I’d like you to meet Lumpy the Dinosaur. He’s made of animation clay, a kind of clay that never gets hard. His arms, legs, head, and tail can all be repositioned. Lumpy posed for the three dinosaurs in the illustration for “Dinosaurs vs. Astronauts.”
I’ve been drawing dinosaurs since I was a little kid, but for this illustration I had to visualize them at angles I wasn’t used to. Creating a 3D model of a dinosaur makes the job much easier. It’s an extra step to help the final illustration look as realistic as possible.
My favorite artist, James Gurney, calls models like Lumpy “macquettes.” Pretty much everything I know about illustration I learned from Mr. Gurney. He wrote a book called Imaginative Realism: How to Paint What Doesn’t Exist, which I use as a reference along with one of his other books, Color and Light. He also has a blog called Gurney Journey, which I recommend for anyone interested in art, and a few years ago I was lucky enough to attend one of his seminars. I learned more from him in a one-hour seminar than I did from years of regular art classes.
Click here to see the finished illustration for “Dinosaurs vs. Astronauts.” You might enjoy reading the story too… it’s got dinosaurs fighting astronauts! Click here to check out James Gurney’s blog.
Among all the planets in the universe, only a tiny fraction can support life. Even fewer will develop intelligent life. What a rare and lucky planet Earth must be to have done so twice.
Many of you have no doubt heard of Velociraptor and its great intelligence. Paleontologists have discovered a species even more intelligent: the Troodon (pronounced TRUE-o-don). Yet there are still many kinds of dinosaurs modern science doesn’t know.
In “Dinosaurs vs. Astronauts,” we meet one of these undiscovered species, a species smarter than Velociraptor or Troodon or any other creature of its era: the Sapiosaurus. Sapiosaurs had intelligence equal to humans. They no longer relied on instinct but cunning. They no longer hunted in packs but lived as a tribe. If they’d had the chance, they could have developed art and culture, politics, religion, and science, just as Homo sapiens have done.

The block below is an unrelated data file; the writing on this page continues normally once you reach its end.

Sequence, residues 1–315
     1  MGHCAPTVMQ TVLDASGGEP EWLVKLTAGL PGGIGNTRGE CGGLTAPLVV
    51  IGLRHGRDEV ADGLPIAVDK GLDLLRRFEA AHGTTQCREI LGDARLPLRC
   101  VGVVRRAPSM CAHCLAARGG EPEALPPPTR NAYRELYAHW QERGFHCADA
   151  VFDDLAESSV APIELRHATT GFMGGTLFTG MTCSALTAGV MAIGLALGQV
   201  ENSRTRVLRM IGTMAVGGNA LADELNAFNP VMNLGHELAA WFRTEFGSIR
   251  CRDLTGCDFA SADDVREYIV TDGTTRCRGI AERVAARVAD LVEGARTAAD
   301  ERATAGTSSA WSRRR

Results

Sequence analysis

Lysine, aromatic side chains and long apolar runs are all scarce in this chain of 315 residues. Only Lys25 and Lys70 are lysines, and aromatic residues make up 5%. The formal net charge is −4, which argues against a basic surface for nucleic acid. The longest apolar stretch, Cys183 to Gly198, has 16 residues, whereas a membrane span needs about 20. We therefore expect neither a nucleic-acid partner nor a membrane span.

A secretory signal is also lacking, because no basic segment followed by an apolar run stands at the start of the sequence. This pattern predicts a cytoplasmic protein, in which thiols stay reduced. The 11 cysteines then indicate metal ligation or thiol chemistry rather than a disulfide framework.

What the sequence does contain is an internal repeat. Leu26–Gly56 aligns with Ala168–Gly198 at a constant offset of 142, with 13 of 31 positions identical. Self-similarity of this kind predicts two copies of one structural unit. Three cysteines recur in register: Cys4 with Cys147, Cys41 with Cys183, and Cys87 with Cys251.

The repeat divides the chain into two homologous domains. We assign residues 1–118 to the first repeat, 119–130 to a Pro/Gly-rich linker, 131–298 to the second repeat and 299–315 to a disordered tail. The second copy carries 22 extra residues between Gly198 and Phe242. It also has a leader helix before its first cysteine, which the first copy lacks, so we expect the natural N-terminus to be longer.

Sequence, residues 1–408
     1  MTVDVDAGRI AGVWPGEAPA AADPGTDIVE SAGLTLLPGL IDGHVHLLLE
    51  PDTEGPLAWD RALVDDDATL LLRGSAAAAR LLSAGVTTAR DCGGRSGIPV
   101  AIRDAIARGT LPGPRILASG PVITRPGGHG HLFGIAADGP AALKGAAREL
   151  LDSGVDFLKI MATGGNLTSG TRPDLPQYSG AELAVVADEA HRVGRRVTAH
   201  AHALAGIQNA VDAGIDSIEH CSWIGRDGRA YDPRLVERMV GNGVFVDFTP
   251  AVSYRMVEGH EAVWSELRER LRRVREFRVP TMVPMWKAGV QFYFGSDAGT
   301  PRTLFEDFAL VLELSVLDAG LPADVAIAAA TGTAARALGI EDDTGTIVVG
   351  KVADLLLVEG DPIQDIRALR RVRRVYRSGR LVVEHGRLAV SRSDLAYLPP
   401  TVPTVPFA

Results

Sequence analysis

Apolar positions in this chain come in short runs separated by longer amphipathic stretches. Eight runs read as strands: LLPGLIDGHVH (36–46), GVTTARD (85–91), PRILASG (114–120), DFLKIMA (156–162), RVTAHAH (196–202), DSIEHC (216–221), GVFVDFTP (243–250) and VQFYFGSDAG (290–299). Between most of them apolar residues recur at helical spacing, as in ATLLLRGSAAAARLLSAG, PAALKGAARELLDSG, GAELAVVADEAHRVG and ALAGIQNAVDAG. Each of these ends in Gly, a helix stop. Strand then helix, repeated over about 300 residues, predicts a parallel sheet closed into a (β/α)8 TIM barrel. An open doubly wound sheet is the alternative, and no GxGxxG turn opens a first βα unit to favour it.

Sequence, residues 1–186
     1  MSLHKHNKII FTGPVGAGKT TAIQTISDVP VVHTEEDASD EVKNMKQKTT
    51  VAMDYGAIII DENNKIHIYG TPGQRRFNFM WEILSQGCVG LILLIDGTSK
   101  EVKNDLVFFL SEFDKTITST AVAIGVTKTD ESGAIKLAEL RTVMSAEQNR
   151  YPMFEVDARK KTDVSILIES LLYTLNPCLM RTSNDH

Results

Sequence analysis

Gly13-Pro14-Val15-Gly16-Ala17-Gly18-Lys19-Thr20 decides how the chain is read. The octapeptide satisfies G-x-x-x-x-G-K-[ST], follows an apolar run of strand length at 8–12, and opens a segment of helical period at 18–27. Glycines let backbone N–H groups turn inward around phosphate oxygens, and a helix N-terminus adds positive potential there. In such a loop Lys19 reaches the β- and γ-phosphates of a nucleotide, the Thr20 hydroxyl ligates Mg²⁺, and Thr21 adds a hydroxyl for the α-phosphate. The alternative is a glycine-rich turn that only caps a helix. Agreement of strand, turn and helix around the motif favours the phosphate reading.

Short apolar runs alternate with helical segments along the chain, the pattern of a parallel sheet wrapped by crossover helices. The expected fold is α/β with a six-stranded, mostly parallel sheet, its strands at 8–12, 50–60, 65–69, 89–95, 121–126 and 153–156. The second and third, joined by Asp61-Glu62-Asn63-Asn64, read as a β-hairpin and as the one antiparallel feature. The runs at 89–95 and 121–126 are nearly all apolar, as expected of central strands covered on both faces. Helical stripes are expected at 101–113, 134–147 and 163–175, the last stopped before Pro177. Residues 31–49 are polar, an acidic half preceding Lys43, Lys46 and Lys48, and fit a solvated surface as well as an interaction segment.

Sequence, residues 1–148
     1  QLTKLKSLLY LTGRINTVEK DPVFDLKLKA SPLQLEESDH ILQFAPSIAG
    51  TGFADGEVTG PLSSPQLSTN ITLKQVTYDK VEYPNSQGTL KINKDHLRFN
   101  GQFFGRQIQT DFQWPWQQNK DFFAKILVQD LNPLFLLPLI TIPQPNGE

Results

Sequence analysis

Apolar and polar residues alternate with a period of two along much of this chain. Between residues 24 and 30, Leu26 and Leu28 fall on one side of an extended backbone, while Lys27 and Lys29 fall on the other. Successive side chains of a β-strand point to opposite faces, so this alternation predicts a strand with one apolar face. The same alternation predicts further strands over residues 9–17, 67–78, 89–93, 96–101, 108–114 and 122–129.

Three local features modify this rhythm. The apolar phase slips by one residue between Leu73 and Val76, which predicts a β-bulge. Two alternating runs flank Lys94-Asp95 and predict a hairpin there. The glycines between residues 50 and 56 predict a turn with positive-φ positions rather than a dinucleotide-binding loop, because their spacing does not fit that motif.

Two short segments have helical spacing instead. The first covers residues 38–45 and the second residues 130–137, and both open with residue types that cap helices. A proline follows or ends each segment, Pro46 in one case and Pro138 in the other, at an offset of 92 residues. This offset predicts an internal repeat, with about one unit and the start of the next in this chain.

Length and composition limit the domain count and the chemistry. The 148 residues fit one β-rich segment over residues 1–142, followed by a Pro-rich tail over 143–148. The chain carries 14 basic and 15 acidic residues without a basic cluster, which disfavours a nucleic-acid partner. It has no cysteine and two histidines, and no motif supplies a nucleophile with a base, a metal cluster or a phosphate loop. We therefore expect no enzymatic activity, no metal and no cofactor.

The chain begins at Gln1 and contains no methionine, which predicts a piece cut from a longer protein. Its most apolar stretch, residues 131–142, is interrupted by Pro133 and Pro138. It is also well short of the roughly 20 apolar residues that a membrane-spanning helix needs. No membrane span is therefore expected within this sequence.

When the dinosaurs went extinct, a few Sapiosaurs survived, rescued by mysterious machines in the sky. And there is one big difference between the Sapiosaurs and the humans of today: after 65 million years, the Sapiosaurs are very hungry. Click here to start reading “Dinosaurs vs. Astronauts.”
In this month’s story, a group of astronauts investigates an abandoned alien spaceship just outside the Solar System. The last thing they expect to discover is that dinosaurs aren’t extinct after all. Click here to start reading “Dinosaurs vs. Astronauts.”
An important part of my writing process is getting a sense of what the characters in my stories look like. So before I get too deep into the story, I draw all the major characters. Every Tomorrow News Network story features Talie Tappler (you can find pictures of her all over this website), but each month we also meet some new people, the unfortunate people Talie is covering for the news.
This month’s story is called “Dinosaurs vs. Astronauts.” The story is exactly what the title promises: a life and death struggle between dinosaurs and astronauts. To get started, I drew some concept art in my little sketchbook. In the pictures below, you can see all the astronauts and two of the featured dinosaurs.
That’s how I get started. How about you, my fellow writers and other artistic folks? What do you do to get your projects started?
P.S.: “Dinosaurs vs. Astronauts” was originally scheduled to come out Monday, July 23rd, but I’ve decided to postpone it a few days. It will now come out on
Wednesday, July 25 Friday, July 27 (I promise the date won’t change again). With a story this awesome, it deserved a little extra time to make sure I get it right.